Don’t bother taking dollars, unless you are American, in which case: do. They are easily changed into rubles pretty much anywhere. UK pounds on the other hand are a royal pain. There are a few places that will accommodate them (though I didn’t find anywhere that would). In my case, a debit card in an ATM worked fine when I bought some extra currency (I’d only use in-branch machines); though there were some small charges.
Depending upon your activities whilst in Russia; you may face ‘issues’ on the way out, so be aware of customs/visa stipulations beforehand. Remember: the visa is also your way out of Russia; you’re not off the hook simply because they’ve let you in!. However, Way to Russia states:-
“…Russian customs is generally quite relaxed, so it is very unlikely somebody will search through your bags or try to tax everything you have”
The exit from the apartment was a clumsy, rushed affair. I’d started assembling my gear and tidying up the night before but I was still collecting and pottering about with things (“pack this here; no pack it there!”) whilst checking over the place as time ran out. Suddenly there was a 7 minute count-down whilst the recently arrived partner of my host awaited the return of the key and the taxi simultaneously sped in to collect me. At 2am, I’d discovered that Uber had frozen my account (?!) -a mere 5 hours before I was due to head to the airport. Fortunately I’d remembered my host’s recommendation of Yandex-Taxi and had quickly downloaded the app to my mobile. Hopefully this would save the day; the booking process seemed to be working so far. Ok, gear: check, documents: check, passport: check, key (no going back): check. Then I was in the lift, descending and away.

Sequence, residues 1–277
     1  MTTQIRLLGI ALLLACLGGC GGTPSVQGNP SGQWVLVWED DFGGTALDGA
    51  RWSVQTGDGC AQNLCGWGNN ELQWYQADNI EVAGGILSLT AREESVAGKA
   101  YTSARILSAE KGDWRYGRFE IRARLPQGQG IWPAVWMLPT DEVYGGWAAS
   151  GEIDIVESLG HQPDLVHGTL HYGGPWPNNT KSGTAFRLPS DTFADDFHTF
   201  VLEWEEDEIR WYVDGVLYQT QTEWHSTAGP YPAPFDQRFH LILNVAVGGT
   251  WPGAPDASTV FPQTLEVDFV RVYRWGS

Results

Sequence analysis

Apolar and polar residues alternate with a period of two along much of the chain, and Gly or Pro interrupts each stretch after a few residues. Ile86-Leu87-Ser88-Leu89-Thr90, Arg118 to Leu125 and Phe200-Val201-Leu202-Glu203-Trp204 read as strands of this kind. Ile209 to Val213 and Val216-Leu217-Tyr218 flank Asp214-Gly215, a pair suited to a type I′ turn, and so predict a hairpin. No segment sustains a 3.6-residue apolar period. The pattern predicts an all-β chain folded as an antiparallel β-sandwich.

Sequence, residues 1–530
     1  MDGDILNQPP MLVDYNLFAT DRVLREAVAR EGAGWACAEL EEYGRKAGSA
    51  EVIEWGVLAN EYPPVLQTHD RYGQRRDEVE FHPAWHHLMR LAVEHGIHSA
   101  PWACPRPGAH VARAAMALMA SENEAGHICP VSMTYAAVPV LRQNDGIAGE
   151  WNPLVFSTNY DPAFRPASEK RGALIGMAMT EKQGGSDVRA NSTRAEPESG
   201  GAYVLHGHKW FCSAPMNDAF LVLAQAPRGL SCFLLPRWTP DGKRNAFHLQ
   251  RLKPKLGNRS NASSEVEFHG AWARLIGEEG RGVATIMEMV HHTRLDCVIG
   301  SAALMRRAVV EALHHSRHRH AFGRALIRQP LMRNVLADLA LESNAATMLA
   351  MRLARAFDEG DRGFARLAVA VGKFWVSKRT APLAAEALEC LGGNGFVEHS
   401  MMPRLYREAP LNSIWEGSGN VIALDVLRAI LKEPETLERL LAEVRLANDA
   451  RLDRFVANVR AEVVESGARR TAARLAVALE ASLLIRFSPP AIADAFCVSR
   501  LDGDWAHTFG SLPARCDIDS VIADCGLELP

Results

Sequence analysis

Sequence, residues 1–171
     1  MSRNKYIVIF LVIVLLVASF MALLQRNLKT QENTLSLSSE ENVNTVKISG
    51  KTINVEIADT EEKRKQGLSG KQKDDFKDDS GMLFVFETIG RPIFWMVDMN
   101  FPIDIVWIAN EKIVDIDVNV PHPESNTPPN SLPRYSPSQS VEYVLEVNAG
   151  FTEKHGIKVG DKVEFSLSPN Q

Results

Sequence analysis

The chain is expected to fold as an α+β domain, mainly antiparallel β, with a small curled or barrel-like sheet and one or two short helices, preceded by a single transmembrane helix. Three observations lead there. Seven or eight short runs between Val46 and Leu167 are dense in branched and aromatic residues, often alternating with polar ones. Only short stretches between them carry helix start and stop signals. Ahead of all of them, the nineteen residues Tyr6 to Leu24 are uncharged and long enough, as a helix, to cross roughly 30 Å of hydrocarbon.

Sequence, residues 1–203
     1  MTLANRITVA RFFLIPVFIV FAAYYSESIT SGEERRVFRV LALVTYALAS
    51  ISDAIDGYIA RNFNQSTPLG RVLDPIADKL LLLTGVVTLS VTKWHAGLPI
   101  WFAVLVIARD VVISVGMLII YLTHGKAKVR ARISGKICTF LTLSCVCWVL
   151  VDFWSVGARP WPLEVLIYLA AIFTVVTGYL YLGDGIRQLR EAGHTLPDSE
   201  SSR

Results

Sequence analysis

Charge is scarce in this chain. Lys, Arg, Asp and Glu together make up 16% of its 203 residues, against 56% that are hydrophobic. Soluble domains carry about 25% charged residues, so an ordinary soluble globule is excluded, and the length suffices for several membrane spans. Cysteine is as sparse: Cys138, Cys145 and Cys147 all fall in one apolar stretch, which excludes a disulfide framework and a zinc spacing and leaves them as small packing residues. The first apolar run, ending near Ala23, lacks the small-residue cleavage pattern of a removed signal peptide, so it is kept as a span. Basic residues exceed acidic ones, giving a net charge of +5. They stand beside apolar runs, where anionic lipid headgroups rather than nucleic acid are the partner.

It was the diametric opposite of my journey into St.P, and almost surreal in its contrast. The driver this time asked for less money than the app’s estimated fare! and I even gave him extra as a tip. Yandex provided a cheap, easy-going ride. Although I’d decided to save the expected money-argument for when I was standing at the airport (a definite position of advantage in such situations); it never happened. We just cruised into Pulkovo backed by a soundtrack of American Rap music, and I departed his company with an appropriately “bro” handshake. The check-in, security and passport control was mercifully uneventful and the prolonged process of ‘waiting around’ took over. One of the refreshment vendors was seemingly horrified by the amount of black coffee that I extracted from her machine (though to be fair it can be quite shocking) but that’s all the drama that occurred.
From my early vantage point I watched the other departees assemble. We grouped, waited, shifted position throughout the extraction procedure and waited once more. The tingle of apprehension left by the rush for the taxi -and the airport aggravations that never came- trailed away to nothing as time slowed again. I stared blankly through vast spotless windows into the burgeoning new day whilst the clock marched toward our lift off.
It was the 1960’s style prop-liner again; greeted like a warm acquaintance. Glancing to the descending city as we climbed into the cloudlayer: -I reviewed the last few days; ticking off experiences and knowing, hoping; that I’ll return to Russia someday.
[Neva Facade, Flight Out and Cloud Photos by Bernard H.Wood.]